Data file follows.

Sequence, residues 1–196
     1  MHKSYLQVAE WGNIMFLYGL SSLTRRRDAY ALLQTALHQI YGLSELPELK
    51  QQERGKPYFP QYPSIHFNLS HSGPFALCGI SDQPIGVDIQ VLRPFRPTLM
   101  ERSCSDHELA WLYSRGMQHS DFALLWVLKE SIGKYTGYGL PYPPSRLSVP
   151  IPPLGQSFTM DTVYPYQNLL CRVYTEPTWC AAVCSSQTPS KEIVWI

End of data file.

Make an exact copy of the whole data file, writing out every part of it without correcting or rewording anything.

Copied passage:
Sequence, residues 1–196
     1  MHKSYLQVAE WGNIMFLYGL SSLTRRRDAY ALLQTALHQI YGLSELPELK
    51  QQERGKPYFP QYPSIHFNLS HSGPFALCGI SDQPIGVDIQ VLRPFRPTLM
   101  ERSCSDHELA WLYSRGMQHS DFALLWVLKE SIGKYTGYGL PYPPSRLSVP
   151  IPPLGQSFTM DTVYPYQNLL CRVYTEPTWC AAVCSSQTPS KEIVWI